It is admirable indeed to journey to the Bernabeu and attempt to dictate terms from the first whistle, but a more cautious approach might have paid dividends.
As it was, Bayern were fortunate to escape with just a single-goal deficit.
The tie, nonetheless, is still very much on.
BY THE NUMBERS
The only time Bayern lost the first leg of a Champions League knock-out tie 1-0, against Basel in the 2011/12 Round of 16, they recovered to win 7-0 at home — a record in the knock-out stages.
On the two times that Real Madrid won the first leg of a Champions League knock-out tie 1-0, they were eliminated — losing the return leg 2-0 to Juventus in the 1995/96 quarter-finals and the 2004/05 Round of 16.
Bayern had 80 per cent of the possession in the first half and 63 per cent in the second. Bayern also won 15 corners to Real’s three and the Bavarian side made 705 passes to 276 by the Spanish giants.
Pep defends his tactics
Former England manager Glenn Hoddle claimed that Pep Guardiola has taken Bayern Munich backwards since succeeding treble-winning coach Jupp Heynckes last year.
But the Spaniard defended Bayern's possession football in the wake of their Champions League defeat by Real Madrid yesterday morning (Singapore time).
Bayern had 72 per cent of the ball at the Bernabeu - and 80 per cent in the first half - but will start the second leg 1-0 behind after a Karim Benzema goal won the first leg for a Real side content to hit on the break.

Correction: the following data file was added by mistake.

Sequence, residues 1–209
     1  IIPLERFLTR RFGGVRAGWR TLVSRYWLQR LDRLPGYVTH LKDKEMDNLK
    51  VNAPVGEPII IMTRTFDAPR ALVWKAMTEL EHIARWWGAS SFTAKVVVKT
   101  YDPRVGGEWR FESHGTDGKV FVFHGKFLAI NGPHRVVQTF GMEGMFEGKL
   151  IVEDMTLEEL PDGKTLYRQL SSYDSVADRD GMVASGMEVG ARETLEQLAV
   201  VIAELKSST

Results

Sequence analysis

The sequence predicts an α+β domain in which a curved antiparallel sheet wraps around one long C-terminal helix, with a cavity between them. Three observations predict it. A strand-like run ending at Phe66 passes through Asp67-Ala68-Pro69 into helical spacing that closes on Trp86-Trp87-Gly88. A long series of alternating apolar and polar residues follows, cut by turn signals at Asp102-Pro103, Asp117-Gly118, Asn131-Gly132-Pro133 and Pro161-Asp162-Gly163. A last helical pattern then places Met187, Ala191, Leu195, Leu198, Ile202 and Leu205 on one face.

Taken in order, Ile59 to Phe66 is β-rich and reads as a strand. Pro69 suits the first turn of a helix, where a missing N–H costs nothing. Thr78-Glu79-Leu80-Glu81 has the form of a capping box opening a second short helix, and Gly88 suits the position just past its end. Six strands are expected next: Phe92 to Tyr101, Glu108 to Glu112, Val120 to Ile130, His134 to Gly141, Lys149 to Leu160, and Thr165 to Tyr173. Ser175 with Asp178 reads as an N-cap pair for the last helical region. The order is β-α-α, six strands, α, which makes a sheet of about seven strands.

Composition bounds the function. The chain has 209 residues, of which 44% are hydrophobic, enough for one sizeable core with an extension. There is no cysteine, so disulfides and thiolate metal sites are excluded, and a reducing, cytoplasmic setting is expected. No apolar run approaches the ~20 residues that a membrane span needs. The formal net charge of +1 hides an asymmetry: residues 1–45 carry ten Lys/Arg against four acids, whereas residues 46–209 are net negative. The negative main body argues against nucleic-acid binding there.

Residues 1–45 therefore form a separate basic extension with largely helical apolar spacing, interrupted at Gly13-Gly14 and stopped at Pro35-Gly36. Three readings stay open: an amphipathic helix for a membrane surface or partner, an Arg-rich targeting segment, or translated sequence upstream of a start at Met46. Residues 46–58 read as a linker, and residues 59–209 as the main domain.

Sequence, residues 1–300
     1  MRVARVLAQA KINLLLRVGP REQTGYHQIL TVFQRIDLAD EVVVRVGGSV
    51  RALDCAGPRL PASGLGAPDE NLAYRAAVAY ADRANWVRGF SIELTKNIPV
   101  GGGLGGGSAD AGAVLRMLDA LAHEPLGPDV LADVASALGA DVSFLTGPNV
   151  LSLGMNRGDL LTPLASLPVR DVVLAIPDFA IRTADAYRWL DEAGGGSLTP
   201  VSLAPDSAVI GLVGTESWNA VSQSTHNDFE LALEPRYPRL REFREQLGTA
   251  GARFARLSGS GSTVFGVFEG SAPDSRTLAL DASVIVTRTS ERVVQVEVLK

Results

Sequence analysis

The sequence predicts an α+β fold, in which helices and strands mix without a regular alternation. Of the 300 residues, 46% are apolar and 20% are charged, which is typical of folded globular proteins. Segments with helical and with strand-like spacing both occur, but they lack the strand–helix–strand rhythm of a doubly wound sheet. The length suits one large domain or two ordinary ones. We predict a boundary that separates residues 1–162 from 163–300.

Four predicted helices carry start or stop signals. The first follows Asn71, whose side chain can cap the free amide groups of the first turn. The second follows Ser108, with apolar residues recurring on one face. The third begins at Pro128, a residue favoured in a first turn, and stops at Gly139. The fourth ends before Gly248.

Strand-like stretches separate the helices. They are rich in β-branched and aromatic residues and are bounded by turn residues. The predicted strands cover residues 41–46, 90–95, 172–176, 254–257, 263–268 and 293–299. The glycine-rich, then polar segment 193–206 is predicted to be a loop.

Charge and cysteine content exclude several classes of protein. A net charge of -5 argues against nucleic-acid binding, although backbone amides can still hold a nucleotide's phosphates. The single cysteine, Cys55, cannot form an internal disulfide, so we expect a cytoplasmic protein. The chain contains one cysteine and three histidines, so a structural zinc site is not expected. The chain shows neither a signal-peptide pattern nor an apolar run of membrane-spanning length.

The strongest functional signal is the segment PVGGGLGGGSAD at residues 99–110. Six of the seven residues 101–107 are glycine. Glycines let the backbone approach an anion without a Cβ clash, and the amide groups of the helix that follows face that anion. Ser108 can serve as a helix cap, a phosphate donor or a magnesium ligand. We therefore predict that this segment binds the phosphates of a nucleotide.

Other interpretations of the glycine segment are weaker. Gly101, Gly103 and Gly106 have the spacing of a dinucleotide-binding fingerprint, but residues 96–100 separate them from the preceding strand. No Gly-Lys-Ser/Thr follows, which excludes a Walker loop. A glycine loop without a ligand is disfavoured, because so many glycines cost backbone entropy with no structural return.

Guardiola claimed that a more proactive attacking approach would have played right into the hands of Real's team of "athletes".
He said: "Since I was a player, Real Madrid have basically been a counter-attacking team.
"Of course, if they'd wanted the ball, it would have been an end-to-end game.
"Sometimes in football you hear that we should play more 'vertical', but I think in that situation Madrid are unstoppable.
"They are the best counter-attacking team in the world, they have legs, they are athletes. They are football players, but mainly athletes."
The Bayern boss also claimed it was a good performance from his side, saying: "I am proud of my team. They fought well against a tough opponent, one of the best in the world. We had a good game and I hope we will improve further next week.
"I did not want to have the typical German game of back and forth. I wanted a lot of possession and we managed that in parts. But we did not finish our chances well."
But that opinion was not shared by Bayern legend and honorary president Franz Beckenbauer, who told Sky television in Germany: "Possession doesn't mean anything when your opponents create the better chances. We are lucky they only scored one."
Beckenbaur fears that Bayern will become like Guardiola's Barcelona team who, in his opinion, are not easy on the eye.
"Probably one day we will end up playing like Barcelona and you can't keep looking desperate. Nobody will want to watch us because when they will be on the goal-line, the players will pass the ball backwards," said Beckenbaur.
Real boss Carlo Ancelotti admitted that he didn't like having to relinquish control of the ball for large spells.
However, just as in Real's Copa del Rey victory over Barcelona last week, the Italian believed his side had played to their strengths.
"I don't like to give up the ball. It is clear that you cannot control the ball for the whole game, but especially against Barca and Bayern it is very difficult to control it.
"Football, though, is not just about possession, but defending, counter-attacks and many other things. What we had tonight was the sacrifice of the players, but I don't like not having the ball because you have less chances to score."
- Wire Services.